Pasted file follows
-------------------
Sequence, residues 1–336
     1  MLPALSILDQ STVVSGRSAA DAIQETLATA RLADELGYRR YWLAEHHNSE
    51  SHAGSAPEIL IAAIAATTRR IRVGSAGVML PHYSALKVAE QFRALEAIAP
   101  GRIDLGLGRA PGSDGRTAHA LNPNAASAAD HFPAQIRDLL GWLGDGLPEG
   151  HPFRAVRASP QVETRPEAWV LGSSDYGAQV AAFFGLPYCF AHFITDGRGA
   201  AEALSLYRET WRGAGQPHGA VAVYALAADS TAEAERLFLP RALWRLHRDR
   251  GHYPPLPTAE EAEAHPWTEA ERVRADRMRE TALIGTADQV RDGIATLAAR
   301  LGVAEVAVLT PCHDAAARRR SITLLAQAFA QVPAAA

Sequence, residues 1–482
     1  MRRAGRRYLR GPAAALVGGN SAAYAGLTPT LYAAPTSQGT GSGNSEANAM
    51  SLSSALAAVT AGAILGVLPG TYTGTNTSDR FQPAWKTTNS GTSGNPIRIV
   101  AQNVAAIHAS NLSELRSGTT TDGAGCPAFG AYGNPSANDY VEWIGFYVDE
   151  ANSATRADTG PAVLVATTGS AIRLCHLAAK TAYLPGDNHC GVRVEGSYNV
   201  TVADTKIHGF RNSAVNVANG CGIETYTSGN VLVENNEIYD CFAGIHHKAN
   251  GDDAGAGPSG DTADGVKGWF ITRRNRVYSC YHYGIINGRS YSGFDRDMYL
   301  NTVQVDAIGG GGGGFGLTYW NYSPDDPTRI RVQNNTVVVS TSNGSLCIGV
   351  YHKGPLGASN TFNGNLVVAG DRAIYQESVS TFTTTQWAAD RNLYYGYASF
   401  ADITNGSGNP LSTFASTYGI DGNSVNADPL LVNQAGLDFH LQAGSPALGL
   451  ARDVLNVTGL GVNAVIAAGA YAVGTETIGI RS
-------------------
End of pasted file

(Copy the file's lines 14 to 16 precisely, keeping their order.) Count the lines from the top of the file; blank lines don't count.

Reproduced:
   201  TVADTKIHGF RNSAVNVANG CGIETYTSGN VLVENNEIYD CFAGIHHKAN
   251  GDDAGAGPSG DTADGVKGWF ITRRNRVYSC YHYGIINGRS YSGFDRDMYL
   301  NTVQVDAIGG GGGGFGLTYW NYSPDDPTRI RVQNNTVVVS TSNGSLCIGV